Directed by: Kevin Smith
Category: Horror

Let's just get right down to it; you're either gonna love Tusk, or you're gonna hate it. It's just that simple. Tusk is one of those rare films that come out every so often and divides filmgoers right down the center....and for good reason. I'll just come right out with it. Personally, I didn't enjoy this, and for a number of reasons.

So, let me begin by saying that I was in fact very excited about this release. Though it didn't hit any of my local cinema's, I waited in high anticipation for the moment when it would eventually hit DVD and Blu ray. You see, Kevin Smith is a very particular type of filmmaker, and much like Tusk, you either enjoy his type of films or you don't. For the most part, I enjoy them. While not every film of his is a slam-dunk, the few that do work work effectively well, thus cementing his cult status as a hip indie director with a sharp wit, that's easily translated through to his dialogue in all his films. But then out of nowhere he comes out with Red State, his first horror film, and it literally blew me away. Not only was it much better than I could ever have expected, but it was also nothing like what I could have expected. No one could ever claim that Smith is a stylish director. He films everything pretty straight-forward, with no real eye for style or detail, yet not one single time during Red State did I ever think to remember that I was watching a Kevin Smith film. I'm sure the look of it had a lot to do with his DoP, but holy shit man, that film was stylin' to the max with some stellar camerawork.

So yea, I was excited at the prospect of another Smith horror film. Warning: Spoilers Ahead. Tusk is one seriously weird and fucked up movie. Now, I love weird and fucked up as much as the next guy, or maybe more so, but this one was just too weird for my taste, because it wasn't weird in a good way. It felt like he wasn't sure what tone he wanted to pursue. Sometimes it's a little light and funny, sometimes it's a little serious, and sometimes it's a little dark. But through it all, it's uncomfortable. Smith puts his characters through situations that make you cringe for sure, but in this particular case, his main protagonist, is just pretty much a dick of a human being. The way he interacts with every single other character in the film makes you realize that there are indeed assholes like this guy in real life. Viewing awkward after awkward exchange between Wallace (Justin Long) and basically any other character proves to be too much at times as his brash and sarcastic nature makes you wish horrible things upon him.....which is what ultimately happens.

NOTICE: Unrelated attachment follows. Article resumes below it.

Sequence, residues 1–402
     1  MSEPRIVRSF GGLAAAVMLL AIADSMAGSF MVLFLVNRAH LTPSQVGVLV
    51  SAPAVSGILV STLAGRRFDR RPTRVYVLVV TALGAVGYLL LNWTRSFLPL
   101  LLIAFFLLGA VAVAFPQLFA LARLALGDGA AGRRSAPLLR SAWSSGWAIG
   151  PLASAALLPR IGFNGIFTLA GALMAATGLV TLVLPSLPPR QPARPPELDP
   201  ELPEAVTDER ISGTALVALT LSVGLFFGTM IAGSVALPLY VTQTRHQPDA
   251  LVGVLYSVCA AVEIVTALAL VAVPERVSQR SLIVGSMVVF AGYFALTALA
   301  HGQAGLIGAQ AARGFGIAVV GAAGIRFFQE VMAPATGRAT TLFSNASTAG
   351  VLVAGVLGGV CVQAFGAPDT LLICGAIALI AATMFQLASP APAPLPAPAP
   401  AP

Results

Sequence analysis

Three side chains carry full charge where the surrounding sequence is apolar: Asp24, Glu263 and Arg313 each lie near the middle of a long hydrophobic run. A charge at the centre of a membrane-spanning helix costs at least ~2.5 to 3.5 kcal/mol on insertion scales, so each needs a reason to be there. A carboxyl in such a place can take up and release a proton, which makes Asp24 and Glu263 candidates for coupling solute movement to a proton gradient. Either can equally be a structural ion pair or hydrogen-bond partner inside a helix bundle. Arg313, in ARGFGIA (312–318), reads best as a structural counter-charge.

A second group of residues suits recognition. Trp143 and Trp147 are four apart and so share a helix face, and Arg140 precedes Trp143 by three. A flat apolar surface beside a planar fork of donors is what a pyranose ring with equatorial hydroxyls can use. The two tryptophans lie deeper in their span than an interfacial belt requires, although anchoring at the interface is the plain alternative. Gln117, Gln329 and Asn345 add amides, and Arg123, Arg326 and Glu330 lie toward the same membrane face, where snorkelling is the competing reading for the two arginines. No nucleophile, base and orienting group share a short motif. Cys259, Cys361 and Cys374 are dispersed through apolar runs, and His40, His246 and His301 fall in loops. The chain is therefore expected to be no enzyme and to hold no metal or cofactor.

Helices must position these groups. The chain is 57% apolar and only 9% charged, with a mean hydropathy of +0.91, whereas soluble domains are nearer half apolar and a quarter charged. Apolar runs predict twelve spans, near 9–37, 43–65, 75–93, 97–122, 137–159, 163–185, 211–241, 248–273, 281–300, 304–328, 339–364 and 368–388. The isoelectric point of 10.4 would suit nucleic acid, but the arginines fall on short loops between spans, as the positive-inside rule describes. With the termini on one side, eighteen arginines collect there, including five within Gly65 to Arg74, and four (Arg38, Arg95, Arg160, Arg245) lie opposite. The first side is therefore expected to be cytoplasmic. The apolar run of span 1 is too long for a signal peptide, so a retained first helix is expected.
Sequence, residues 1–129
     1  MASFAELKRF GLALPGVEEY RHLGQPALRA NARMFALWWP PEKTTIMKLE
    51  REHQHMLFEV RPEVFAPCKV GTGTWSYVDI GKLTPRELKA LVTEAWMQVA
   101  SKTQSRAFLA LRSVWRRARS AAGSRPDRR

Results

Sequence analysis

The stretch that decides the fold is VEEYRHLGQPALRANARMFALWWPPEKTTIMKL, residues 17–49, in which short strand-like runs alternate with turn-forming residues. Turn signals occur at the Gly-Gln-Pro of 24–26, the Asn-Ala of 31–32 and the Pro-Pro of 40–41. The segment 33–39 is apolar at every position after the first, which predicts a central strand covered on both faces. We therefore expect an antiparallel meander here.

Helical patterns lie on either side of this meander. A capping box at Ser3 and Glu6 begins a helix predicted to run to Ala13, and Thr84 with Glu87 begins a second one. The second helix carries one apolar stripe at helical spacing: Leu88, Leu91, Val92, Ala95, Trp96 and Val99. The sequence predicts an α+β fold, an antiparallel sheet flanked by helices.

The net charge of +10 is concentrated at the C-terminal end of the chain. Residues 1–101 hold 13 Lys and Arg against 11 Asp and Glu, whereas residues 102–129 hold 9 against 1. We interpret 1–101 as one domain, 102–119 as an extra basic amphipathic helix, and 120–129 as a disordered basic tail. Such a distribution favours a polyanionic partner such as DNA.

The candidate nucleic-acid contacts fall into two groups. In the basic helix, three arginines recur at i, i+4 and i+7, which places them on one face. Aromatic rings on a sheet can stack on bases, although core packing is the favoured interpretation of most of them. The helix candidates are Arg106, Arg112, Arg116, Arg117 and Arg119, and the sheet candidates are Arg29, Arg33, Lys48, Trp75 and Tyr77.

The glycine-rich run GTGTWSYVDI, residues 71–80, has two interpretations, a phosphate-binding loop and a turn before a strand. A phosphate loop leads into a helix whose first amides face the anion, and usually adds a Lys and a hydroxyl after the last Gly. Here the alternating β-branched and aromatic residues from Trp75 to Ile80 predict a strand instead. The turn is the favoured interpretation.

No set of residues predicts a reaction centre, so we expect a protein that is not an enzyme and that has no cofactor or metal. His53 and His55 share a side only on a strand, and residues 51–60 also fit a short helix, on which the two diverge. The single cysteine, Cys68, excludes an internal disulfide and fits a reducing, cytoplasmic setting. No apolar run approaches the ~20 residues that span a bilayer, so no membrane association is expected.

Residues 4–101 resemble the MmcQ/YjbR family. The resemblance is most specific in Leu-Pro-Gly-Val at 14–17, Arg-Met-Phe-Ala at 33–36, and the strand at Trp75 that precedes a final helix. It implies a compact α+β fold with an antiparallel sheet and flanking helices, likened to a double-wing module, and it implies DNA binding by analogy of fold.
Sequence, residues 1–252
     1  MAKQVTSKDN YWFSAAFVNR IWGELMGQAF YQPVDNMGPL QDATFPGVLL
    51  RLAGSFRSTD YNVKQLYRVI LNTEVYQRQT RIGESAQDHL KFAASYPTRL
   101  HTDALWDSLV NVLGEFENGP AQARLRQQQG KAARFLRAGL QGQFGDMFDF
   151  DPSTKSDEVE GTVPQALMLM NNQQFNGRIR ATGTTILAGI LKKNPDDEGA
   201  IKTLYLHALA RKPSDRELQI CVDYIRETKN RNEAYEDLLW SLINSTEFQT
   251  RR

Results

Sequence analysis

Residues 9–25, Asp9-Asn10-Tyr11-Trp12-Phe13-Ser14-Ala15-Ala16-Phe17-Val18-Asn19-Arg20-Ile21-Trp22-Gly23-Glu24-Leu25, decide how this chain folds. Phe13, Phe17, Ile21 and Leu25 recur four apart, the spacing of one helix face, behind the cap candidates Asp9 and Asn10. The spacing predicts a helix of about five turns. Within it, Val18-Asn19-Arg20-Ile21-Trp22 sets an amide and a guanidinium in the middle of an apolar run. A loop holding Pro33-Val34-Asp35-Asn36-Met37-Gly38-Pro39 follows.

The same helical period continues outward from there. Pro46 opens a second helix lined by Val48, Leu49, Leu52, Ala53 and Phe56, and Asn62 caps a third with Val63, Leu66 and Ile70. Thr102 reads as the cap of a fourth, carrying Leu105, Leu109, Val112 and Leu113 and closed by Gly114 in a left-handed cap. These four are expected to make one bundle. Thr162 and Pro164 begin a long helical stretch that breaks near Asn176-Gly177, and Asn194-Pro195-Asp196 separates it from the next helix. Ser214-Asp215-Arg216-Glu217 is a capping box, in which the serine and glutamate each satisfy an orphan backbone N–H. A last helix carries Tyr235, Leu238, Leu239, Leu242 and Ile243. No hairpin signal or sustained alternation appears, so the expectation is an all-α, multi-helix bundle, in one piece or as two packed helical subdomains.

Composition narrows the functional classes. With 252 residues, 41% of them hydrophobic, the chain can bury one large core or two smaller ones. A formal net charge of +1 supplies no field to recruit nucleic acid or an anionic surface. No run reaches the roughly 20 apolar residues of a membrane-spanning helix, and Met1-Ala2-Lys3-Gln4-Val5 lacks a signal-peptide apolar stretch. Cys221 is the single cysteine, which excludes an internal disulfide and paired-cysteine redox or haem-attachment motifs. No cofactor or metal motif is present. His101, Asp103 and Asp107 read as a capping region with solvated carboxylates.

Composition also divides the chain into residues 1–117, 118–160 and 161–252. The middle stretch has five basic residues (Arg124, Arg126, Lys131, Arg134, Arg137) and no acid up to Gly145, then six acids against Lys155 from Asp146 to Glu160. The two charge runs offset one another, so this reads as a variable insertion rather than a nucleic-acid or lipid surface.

He's a horrible human being, but that's not really what bothered me. He's a dick and makes his living off of being a dick to everyone, and he gets what's coming to him in more ways than one in the end. But the film as a whole is so uneven that I could never figure out what type of film it was trying to be. This is made all the more apparent when the retired detective character shows up halfway through the film. It's such a drastically different character from anyone else on screen, and such a caricature that it's almost as if he came right out of a Pink Panther film. It's at this point where the film takes yet another shift in tone and believe it or not, makes the film about 10 times weirder than it already was.

But being as it's being sold and marketed as a horror film, you naturally expect a bit of gore with your horror, but we don't get any of that here, which is a shame. Sure there's a good amount of makeup effects work from Robert Kurtzman, but when it comes to actual gore, there's not much here.

We all know the story by now right? Guy gets duped into an interview in Canada by a strange older fella, then gets turned into a walrus. Weird. But, I find that intriguing, because it's so far fucking out there that the possibilities are endless. I was really looking forward to this one, but when it was all over, instead of having a sensation of "That was awesome!", or "That was insane!", or "That was intense!", or "That was so fucked up and I loved it!", our immediate reaction afterwards was "That was weeeiiird".

I would never classify this as a straight up horror film, because most will undoubtedly walk away severely disappointed. I think I'd call it experimental horror, just to warn anyone who might be misled. It's weird and uncomfortable, with no real standard horror elements at play.

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